By Molly McComb, 2022-2023 Literacy First Tutor
Literacy First has reached the mid-point of the academic year that we often refer to as MOY (Middle of Year). It is the time of year where tutors are feeling the most confident. Refreshed from winter break and energized by the celebration of over 250 Literacy First graduates, our tutors are continuing to work daily with 8-10 students, helping them realize their potential. Every day, students like Jesse are reminded by their Literacy First tutor that they already possess all the tools they need to succeed, and that, with a little patience, love and practice, they can achieve their literary goals and so much more!
At this point during my time in Literacy First, I have worked with close to 30 students at two different elementary schools. While most students we work with often express their love for reading, this is not always the case for all of our students. Some don’t like reading because they find it difficult. The more they struggle, the harder it is for them to enjoy what they are doing. They often feel like failures when they obviously are not. As a tutor, when working with these students, we cheer them on more than others. We give them support and help them see they aren’t bad at reading; they just need some practice. I have seen students who hated reading more than getting their teeth pulled; this is not an exaggeration, one of my students actually told me this! However, many of these students begin to fall in love with reading as soon as they understand the process and mechanics of what they need to do to succeed in reading.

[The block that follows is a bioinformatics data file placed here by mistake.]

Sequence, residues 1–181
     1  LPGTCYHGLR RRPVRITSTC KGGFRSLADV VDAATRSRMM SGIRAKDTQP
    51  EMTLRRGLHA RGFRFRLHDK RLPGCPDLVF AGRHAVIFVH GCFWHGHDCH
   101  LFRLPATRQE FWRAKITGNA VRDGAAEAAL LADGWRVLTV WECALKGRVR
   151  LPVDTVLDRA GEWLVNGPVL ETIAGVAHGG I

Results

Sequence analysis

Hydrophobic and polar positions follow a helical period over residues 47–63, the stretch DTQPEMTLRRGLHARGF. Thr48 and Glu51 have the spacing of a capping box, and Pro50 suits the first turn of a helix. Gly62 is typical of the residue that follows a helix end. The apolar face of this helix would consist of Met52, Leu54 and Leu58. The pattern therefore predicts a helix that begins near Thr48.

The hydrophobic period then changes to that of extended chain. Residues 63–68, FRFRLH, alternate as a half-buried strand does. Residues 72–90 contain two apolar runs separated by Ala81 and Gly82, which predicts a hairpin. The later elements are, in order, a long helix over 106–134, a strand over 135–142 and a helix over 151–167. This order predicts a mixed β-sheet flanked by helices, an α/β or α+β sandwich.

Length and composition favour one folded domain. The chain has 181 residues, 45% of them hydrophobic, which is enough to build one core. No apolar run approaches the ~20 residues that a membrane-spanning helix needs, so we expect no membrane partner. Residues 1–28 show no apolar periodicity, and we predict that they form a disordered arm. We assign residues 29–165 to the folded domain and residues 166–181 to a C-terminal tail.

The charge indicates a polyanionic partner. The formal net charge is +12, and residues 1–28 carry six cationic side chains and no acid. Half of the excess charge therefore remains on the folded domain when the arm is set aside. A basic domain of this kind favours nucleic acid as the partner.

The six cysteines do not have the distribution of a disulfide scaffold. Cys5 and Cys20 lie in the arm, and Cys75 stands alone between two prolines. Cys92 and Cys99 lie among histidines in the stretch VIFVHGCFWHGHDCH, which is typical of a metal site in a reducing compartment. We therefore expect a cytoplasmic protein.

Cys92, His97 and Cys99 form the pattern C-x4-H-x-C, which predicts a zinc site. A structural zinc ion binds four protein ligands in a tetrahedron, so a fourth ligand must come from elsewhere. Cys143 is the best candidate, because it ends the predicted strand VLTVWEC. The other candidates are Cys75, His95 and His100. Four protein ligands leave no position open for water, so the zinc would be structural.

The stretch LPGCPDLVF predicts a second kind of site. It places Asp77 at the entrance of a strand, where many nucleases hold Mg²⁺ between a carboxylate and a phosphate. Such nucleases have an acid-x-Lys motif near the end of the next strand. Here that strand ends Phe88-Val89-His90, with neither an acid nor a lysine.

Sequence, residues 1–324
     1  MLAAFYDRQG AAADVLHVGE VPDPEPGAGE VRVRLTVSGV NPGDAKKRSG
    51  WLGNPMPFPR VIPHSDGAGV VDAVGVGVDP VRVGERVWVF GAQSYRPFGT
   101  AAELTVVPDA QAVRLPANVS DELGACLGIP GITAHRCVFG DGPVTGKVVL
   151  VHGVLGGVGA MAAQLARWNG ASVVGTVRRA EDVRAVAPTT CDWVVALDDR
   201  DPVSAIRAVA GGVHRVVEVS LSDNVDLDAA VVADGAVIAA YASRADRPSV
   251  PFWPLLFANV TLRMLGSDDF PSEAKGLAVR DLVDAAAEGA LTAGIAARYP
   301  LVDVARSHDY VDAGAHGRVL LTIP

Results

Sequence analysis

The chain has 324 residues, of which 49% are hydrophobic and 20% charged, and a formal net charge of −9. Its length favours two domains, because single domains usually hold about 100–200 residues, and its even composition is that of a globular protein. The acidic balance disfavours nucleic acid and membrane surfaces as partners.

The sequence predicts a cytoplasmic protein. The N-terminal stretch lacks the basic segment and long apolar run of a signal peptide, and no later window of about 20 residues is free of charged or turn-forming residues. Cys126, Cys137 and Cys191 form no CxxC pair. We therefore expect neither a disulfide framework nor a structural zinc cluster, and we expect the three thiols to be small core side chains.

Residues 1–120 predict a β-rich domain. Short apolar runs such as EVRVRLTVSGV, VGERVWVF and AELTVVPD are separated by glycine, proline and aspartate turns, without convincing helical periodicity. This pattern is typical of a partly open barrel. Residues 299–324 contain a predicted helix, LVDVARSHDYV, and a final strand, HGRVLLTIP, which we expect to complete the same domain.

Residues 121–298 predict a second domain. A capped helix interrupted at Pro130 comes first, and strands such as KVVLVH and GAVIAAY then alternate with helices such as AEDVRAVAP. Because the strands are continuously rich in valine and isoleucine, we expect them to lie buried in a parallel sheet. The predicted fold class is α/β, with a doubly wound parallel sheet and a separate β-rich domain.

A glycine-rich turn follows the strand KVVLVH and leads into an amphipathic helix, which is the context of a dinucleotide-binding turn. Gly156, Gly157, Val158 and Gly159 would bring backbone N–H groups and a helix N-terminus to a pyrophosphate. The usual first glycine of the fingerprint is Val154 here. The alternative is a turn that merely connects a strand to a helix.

Jesse, one of my favorite second graders, started the year off a bit nervous and struggled with her confidence during our lessons together. Often, if she didn’t hit her reading goal on her first read-through, she would become incredibly upset and give up on trying. One example comes to mind: in late November, we started her lesson as usual. Jesse had consistently been reaching over 100 words with her guided read-throughs, but this time only made it to 95. When I told her she was close but hadn’t exactly reached her goal, she burst into tears and began wailing that she was a failure and would never be able to read. By this point, the lesson was over, but I kept her with me for a bit longer so she could calm down. I told her she wasn’t a failure at all; in fact, she was a very strong reader, and her fluency had made great progress because of her time spent practicing. I told her she was working hard and that she was not only hitting the reading goal but surpassing it, every time. I told her that she could be proud of herself because she was doing something that was difficult. She was doing a great job! After she had stopped crying, we walked back to her classroom.
Even though I had to remind Jesse of this conversation a few more times when she would get frustrated with herself, eventually, it clicked, and her whole demeanor began to shift. Jesse went from hating every minute of our lessons to never wanting to leave. She started making incredible gains and reading books by herself almost every day. She began to enjoy what she was reading. She began to understand that mistakes were simply part of the process. And with a few more lessons, she was able to graduate from the program. I still see her in the halls and in the library, often with a new book in hand. I think we forget how hard it is to learn to read. We take it for granted. What a joy it was to work with this child who now loves to read. All it took was some practice and a little boost of confidence. She had all the tools, we just helped her find them in herself.